PROFESSOR Dr Juli Edo, the Orang Asli Development Department’s director-general, makes his point clear: Don’t take advantage of vulnerable orang asli communities and trick them into religious conversions. Juli has raised his concern over the plan by one northern state to convert all the Orang Asli within its borders over the next 30 years.
Numbering about 180,000 throughout the peninsula, 20% of the Orang Asli are Muslims and 10% are Christians. The majority are classified as animists. What is conversion, and should there be any concern over it? Conversion is not like ditching Huawei for Apple – that’s just a change of gadget. Conversion requires you to change your identity and worldview.
To grasp the dynamics of this issue, we need to realise that the practice of mass conversion is historically rooted in the geopolitical turbulence of West Asia-Europe. These two closely linked regions have sprouted the most number of warring states battling for regional dominance, with each nation adhering to a state religion as its anchor for political stability and socio-cultural uniformity.
Mass conversion of outsiders to the state religion would help secure and strengthen a civilisation by sheer power of numbers, while it faced rivalry from neighbouring polities with their state religions. Belonging to the wrong faith could mean your death, as religion did not exist then as a separate category from “peoplehood” (ie belonging to a people). Religion defined a people.
Historical geopolitics aside, missionaries assume they are doing the convert a favour in bringing salvation to him. It’s a one-way street, with the proselytisers monopolising the conversation. But stop for a moment and give the other side a chance to talk.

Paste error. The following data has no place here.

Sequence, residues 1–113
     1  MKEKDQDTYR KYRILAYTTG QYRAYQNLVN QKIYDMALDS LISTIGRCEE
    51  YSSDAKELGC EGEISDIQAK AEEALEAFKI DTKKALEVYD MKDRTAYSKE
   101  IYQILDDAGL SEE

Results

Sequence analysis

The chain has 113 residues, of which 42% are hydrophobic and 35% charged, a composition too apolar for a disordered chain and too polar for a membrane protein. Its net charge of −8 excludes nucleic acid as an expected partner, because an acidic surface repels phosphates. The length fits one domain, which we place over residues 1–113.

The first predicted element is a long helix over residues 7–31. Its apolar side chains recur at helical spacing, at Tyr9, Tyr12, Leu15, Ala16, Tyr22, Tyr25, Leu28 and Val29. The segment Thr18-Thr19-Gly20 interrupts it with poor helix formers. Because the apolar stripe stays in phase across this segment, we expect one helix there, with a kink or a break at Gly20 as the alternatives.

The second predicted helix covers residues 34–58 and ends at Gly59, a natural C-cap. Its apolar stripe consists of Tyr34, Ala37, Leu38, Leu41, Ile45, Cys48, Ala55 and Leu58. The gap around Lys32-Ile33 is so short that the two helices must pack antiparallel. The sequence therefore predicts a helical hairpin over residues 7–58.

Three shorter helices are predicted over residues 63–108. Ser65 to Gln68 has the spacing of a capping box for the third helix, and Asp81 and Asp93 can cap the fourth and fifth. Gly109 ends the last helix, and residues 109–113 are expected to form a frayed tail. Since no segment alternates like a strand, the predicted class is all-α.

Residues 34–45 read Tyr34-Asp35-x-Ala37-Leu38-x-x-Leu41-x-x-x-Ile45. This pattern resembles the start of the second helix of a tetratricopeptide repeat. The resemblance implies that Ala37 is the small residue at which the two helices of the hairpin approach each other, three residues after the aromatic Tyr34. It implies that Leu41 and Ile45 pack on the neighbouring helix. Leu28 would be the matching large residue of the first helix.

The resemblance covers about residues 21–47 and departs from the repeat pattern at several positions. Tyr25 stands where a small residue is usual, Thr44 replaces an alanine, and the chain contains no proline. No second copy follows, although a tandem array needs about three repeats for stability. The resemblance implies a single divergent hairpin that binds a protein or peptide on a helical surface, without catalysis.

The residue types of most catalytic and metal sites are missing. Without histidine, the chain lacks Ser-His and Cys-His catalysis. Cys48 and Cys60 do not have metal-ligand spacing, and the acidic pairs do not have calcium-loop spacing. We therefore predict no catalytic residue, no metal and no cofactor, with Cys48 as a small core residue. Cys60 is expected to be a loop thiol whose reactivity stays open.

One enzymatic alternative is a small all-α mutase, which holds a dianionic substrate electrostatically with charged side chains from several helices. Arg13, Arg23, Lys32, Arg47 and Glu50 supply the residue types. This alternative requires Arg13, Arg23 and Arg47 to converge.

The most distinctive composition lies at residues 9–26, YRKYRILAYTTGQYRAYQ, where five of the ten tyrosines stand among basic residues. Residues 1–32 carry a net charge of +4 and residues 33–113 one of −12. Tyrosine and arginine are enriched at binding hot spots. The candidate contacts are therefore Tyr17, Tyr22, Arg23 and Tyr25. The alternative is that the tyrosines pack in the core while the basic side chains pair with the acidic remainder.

The orang asli faith goes back 300,000 years in a globally spread-out archaic tradition shared by all the world’s surviving hunter-gatherer tribes. In contrast, our civilisational religions (Islam, Christianity, Judaism, and nine others) date back less than 7,000 years to the era of civilisation. We are toddlers preaching to our senior cousins about faith.
With dense urban living and the need for mass social cohesion as the backdrop, all civilisational religions focus on Oneness as the starting point of their faith. Aborigines, living within a borderless inter-locking natural landscape, emphasise Wholeness. Believing that spirits inhabit the forms of nature, they appear to worship many gods and a plethora of trees. That is a superficial analysis of their faith.
The aborigines sense divinity within nature: for them, God is in Nature and the relationship between the two is like air and mist. We find God through books of scripture; aborigines find God through a universal book of nature. By focusing on Wholeness, the orang asli have developed a sustainable lifestyle of immersion in nature. Their economy mimics the water cycle that we learn about in science class. No drop is wasted.
Now let’s talk about us: the civilised economy is a gargantuan factory with lots of products and also lots of waste that are dumped into the rivers and spewed into the air, sending children to hospital. Although very high-tech, our lifestyles have induced climate change that is wiping out increasing numbers of species. All modern world religions are to some extent implicated because they are the anchors of civilisation.
Once robust and healthy, aboriginal communities are now close to extinction because governments have issued licences for their habitats to be destroyed in favour of plantations, mining and logging. With no resources to live on, the orang asli depend on welfare aid. Governments should make climate-wise decisions by launching a world exchange programme wherein education, healthcare, jobs and technology are brought to them. In exchange, they teach us the way of nature.
Religion must focus on sharing, not converting. Stopping climate change requires us to get familiar with the aboriginal worldview and incorporating it into public policy. But if we induce all the orang asli to renounce their aboriginal ie humanity’s original faith, we are breaking civilisation’s final link with nature. A holistic approach is for the missionary to extend his religion to the orang asli and let them fuse relevant elements into their worldview.
The writer champions interfaith harmony. Comments: email@example.com